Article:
I posted my last blog just before Hurricane Sandy’s arrival. I apologize. Reading about meditation equipment, or probably anything related to meditating, is totally boring in comparison to a super storm, or, as the newscasters like to say, “THE STORM OF THE CENTURY!”
Here in northern Virginia, just outside of Washington, D.C., we were right in the path of those red satellite bands marking the storm’s movement, which was forecast to hit on Monday and Tuesday. Driving back from a Saturday soccer game 2 1/2 hours away, we passed a long caravan of Allstate Insurance mobile claims vans. Queu the Jaws soundtrack.
We got in our 8:00 a.m. soccer game Sunday morning (ouch) and spent the rest of the day battening down the hatches. Gutters and downspouts were cleared, patio furniture was secured, the more fragile bird feeders were taken down, the bunny was moved inside.
Provisions were brought in–bottled water, ice, canned goods, and baking supplies. (I had a strange, primordial need to bake as much as I could before the power went out.)
Monday morning, the day the winds were supposed to hit, I snuck out to my 7:45 boot camp class–maybe the only activity that wasn’t cancelled in our area. I squeezed in one last stop at the grocery store for more baking supplies and snacks to cover the two-day school cancellation that had already been announced.
Once home, I dove into nesting, racing against the clock to stay ahead of the winds and heavy rains that were sure to snatch the power away. While banana and pumpkin breads baked in the oven, I cycled through laundry loads, remembering the mountains of smelly clothes that always accumulated in storm-induced outages.
When all the laundry was done and six fragrant loaves were lined up on cooling racks, I took a shower, as if I were getting ready for an important guest.
Many of you know that I rarely watch TV. I can’t take the noise, commercials, and mind-numbing content of most of it. Stepping off my high horse, the truth is that, once I start watching, it’s hard for me to stop. All of my priorities suffer as a result, so I avoid TV attachments.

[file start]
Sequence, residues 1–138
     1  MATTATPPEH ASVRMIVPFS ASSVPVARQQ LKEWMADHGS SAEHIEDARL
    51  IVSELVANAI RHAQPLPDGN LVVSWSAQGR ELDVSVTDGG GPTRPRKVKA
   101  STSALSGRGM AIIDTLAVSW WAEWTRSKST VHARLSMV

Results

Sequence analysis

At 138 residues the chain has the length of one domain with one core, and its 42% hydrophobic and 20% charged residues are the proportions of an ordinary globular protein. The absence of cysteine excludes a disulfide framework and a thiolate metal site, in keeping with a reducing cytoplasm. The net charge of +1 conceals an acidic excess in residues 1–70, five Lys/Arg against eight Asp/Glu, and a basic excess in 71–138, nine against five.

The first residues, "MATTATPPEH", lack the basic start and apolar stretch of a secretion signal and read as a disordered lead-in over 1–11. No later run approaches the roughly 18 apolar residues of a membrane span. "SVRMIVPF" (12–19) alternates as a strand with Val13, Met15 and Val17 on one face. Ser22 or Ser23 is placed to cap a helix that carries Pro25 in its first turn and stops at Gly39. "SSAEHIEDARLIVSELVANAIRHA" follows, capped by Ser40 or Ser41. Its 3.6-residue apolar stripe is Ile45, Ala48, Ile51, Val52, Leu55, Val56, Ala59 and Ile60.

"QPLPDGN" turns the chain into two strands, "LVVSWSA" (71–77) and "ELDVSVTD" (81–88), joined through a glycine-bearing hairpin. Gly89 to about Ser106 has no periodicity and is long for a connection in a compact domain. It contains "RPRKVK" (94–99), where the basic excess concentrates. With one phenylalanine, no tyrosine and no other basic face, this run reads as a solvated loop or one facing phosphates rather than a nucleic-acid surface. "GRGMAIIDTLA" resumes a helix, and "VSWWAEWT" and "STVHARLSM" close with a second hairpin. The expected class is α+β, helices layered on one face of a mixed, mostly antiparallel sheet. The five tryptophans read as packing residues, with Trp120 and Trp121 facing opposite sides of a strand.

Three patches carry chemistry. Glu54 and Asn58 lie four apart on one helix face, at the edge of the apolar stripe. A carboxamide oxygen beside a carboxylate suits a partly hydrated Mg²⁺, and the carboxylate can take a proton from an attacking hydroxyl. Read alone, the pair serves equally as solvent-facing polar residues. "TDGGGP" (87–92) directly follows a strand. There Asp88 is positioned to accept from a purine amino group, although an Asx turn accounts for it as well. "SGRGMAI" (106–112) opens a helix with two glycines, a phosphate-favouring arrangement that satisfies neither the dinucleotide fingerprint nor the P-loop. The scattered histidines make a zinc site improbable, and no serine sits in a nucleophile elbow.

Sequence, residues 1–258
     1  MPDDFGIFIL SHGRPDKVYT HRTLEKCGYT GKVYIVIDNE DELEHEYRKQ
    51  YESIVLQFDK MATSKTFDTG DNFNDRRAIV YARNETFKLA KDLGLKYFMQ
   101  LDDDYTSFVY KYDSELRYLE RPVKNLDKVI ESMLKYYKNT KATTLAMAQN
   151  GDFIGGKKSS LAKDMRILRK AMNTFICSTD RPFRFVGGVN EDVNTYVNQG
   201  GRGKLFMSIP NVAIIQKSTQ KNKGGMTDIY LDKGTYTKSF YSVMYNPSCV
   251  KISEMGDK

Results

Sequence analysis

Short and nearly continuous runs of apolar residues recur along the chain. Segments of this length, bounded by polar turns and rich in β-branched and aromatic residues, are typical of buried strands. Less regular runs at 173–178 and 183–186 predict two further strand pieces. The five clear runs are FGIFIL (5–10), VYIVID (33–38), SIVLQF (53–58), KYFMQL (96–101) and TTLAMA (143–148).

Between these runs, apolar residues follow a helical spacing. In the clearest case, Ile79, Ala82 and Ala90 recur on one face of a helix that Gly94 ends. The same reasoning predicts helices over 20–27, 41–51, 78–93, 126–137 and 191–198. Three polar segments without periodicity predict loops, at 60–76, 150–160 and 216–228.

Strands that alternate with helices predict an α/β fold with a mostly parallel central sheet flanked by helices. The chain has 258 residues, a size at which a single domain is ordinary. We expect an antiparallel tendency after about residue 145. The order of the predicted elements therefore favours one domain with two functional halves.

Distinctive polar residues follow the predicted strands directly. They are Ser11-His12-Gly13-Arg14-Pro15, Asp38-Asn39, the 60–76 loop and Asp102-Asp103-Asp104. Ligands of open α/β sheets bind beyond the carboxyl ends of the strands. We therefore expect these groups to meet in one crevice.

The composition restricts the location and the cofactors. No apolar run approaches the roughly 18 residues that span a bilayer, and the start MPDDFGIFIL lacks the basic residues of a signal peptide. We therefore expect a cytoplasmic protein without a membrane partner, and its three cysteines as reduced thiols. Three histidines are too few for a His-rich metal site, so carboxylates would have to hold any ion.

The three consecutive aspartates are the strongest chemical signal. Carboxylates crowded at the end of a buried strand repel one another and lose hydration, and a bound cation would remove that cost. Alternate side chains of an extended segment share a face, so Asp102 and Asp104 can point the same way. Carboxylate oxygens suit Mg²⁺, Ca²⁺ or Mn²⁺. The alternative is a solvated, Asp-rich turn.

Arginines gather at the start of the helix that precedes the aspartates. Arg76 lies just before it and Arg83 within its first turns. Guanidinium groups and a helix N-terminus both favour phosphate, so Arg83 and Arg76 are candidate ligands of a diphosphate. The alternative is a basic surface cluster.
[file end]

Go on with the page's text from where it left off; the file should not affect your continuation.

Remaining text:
But I did keep the TV news on as Sandy approached. The images of devastation in coastal areas and the first shots of what was happening in New Jersey and New York were heart wrenching.
Tucked away in our little cocoon, though, the boys were begging to go out, insisting, “It’s just raining!”
I used the local news reports to boost my case. There was plenty of footage from spots nearby to point to — trees on top of houses, trees on top of cars, trees blocking roads.
The boys squawked when their dad and I insisted we were all sleeping in the basement Monday night. We went to bed, flashlights at the ready. The worst of the sustained winds and gusts were supposed to happen overnight. I was sure we would wake up to a cold, silent, electricity-free house.
But we didn’t. Not only did we have heat, but the numbers on the clock radio weren’t even flashing. We never lost power at all.
“I told you, I told you!” my sons chided when they got up. “This storm wasn’t anything!”
And again, I had to turn to the TV, where we saw images of building fronts torn off, massive flooding, and houses ablaze in the midst of swirling water. But somehow, it still seemed far off to them. They needed to hear the less dramatic but closer-to-home stories to make it real: the thousands without power in our own area, tales of tree damage just around the corner, the closure of 80 roads in our county.
We missed the excitement of using flashlights and playing board games by candlelight. And I must admit, I was looking forward to a forced sabbatical from wifi and TV. The closest thing we got to a disaster was when my 14-year-old offered to fill up the bathtub in case we lost water service and forgot to turn off the faucet (I averted the flood at the last possible second).
I find that as a parent, empathy is a hard thing to teach. You can’t order a child to feel someone else’s pain. I’ve turned it around more recently to focus on how fortunate we are, how grateful we should feel. I think (I hope) they get it.
How about you? For those of you in the path of the storm, did you get off as easily as we did? I do hope so!